Programming computers these days is rather simple. Don’t believe me? I do it for a living. While computer programming might not be considered easy to others, it really is just a matter of perspective. Today’s programming tools make the process much easier by abstracting a lot of the core hardware functionality from the programmer. If I were to use an analogy, it would be like the difference between a car having automatic or manual transmission. While it’s possible for everyone to learn to drive a car with manual transmission if they put some effort into it, today’s technology and advances in modern automatic transmissions makes it more convenient to simply go with the automatic. There is simply no substantial benefit to buying a car with manual transmission unless you enjoy the unique experience and fine control of continuously shifting the vehicle while driving. The same goes with computer programming over the past several decades.
I was exposed to home computers early in their existence, back in the ‘ol 8-bit days of Commodore, Radio Shack, and Apple computers. Back then, programming was generally difficult for the masses. People simply did not have a full understanding of what it took to make computers do the things they did. Programmers had to train themselves extensively and those who learned their computer architecture at the hardware level had a tendency to become the most successful software authors.
To learn the hardware extensively, you had to become familiar with a number format called Hexadecimal. Without going into too much detail, hexadecimal, or “hex”, was used to represent the basic binary architecture of a computer in an easy to address (alpha)numerical format. Computers only understand binary numbers comprising of 1’s and 0’s. For example, the number 53 would look like ‘00110101’ in binary. Now try to remember all of the possible combinations of binary available in an 8-bit home computer that could access 65,535 bytes of memory. Memory location 37844 would be ‘1001001111010100’ to the computer.
Sometimes it’s in the best interest of the programmer to be able to reference computer data by binary instead of its decimal equivalent. So, instead of using a bunch of 1’s and 0’s, hex notation can be used. Hex uses not only the digits 0-9 like in decimal numbers, but adds the letters A-F to comprise a range of 16 values per numerical placeholder. What makes this so useful is that hex numbers break down binary numbers in groups of four, yet still maintain the binary reference. In binary, ‘0000’ is the same as the decimal digit ‘0’, ‘0001’ is 1, ‘0010’ is 2, … ‘1001’ is 9, ‘1010’ is A, up to ‘1111’, which is F. Now, the binary number listed above for 37844 can be broken down into groups of four and represented as:
1001 = 9
0011 = 3
1101 = D
0100 = 4
…or ’93D4′ in hexadecimal. Hence, 37844 is the same as ‘1001001111010100’ is the same as ’93D4′
OK. Now that the impromptu computer theory was presented, what does it all have to do with the TI Programmer calculator? Well, back in it’s heyday, when you needed to do some quick number conversions from decimal to hex or vice versa, you just didn’t ‘alt-tab’ to a calculator program on your PC. You needed to use an external reference. The TI Programmer was a very useful external reference.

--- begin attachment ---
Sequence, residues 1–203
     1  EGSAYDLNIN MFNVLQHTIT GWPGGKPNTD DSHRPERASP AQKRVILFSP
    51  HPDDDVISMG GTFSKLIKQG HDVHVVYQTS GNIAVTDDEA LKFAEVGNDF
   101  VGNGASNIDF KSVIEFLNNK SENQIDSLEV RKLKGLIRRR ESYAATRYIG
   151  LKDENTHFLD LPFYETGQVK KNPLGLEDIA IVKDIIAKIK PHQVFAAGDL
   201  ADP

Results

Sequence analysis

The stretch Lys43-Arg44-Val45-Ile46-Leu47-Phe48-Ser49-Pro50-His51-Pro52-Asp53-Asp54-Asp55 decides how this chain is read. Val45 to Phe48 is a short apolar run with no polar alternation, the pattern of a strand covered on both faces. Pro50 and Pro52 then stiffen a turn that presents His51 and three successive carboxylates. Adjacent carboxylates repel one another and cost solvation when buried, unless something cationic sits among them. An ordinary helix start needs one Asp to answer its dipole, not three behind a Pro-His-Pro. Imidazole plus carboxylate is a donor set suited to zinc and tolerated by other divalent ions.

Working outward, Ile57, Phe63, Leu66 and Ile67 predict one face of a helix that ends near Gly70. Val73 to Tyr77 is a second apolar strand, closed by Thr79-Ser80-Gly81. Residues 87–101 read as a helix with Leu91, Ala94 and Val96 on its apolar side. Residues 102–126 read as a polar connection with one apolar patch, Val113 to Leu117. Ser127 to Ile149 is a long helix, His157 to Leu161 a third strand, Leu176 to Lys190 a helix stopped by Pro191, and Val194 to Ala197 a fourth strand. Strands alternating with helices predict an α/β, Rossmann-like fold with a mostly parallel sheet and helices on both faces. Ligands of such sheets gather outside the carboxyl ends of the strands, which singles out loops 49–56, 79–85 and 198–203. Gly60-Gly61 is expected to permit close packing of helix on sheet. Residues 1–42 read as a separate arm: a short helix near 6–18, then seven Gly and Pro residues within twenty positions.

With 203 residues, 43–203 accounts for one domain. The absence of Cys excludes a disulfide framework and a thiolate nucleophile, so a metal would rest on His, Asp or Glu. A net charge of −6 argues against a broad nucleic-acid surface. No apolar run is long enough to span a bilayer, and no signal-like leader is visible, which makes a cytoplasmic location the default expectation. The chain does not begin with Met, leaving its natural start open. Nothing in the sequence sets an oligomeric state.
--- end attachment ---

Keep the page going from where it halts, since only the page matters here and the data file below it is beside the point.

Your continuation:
With the TI Programmer, you could enter a hex number in its proper format and then press one button to turn it into its decimal equivalent. Many computer reference manuals at the time had all of their memory addresses listed in hex notation. Unless they provided a decimal alternative for the address, it was up to you to convert it. The TI Programmer made it easy to do so.
For those who programmed in Assembly Language, you were always using hex number references. At the same time, you still needed to deal with decimal equivalents of those numbers to make sense and manage your program functionality. The TI Programmer made your life much easier, too.
So what is the TI Programmer like?
The TI Programmer is a 40 button handheld calculator in the same style as other TI calculators at the time, namely the TI-57 Programmable calculator and the popular TI-30 Scientific calculator. Like the TI-30, it runs on a single 9-volt battery which fits in an oversized compartment. The compartment is large because it can also use an optional rechargeable battery pack.
The calculator operates as a normal four function calculator with memory and algebraic grouping (parenthesis) capabilities. However, it does those functions in any of the user selectable number modes: Base-10 (Decimal), Base-8 (Octal), and Base-16 (Hex). Just choose the desired mode and perform your calculations as needed, making sure you use the appropriate number notation for that mode.
You can also use the calculator to convert between the available number bases. To convert a Decimal number to Hex, make sure Decimal mode is on (as indicated by the lack of ‘tick marks’ on the left side of the display, enter your decimal number, then press HEX to see the converted number. The left hand of the display shows a single tick mark if you are in Octal mode and a double tick mark in Hex mode.
This isn’t a calculator which would be a “daily user” for anybody who is not regularly working with the number bases it supports. But for a computer programmer, it could very well be one of the most handy calculators back in its day. Heck, I even find myself grabbing it from time to time THESE days.
One other feature this calculator has, due to the nature of LED displays being quick to deplete batteries, is the “battery save mode.” After several seconds of non use, the display turns off except for a sequential display of a decimal point moving across the screen. When this happens, the only power being used by the display is the amount of power it takes to drive a single tiny LED dot, which is not much.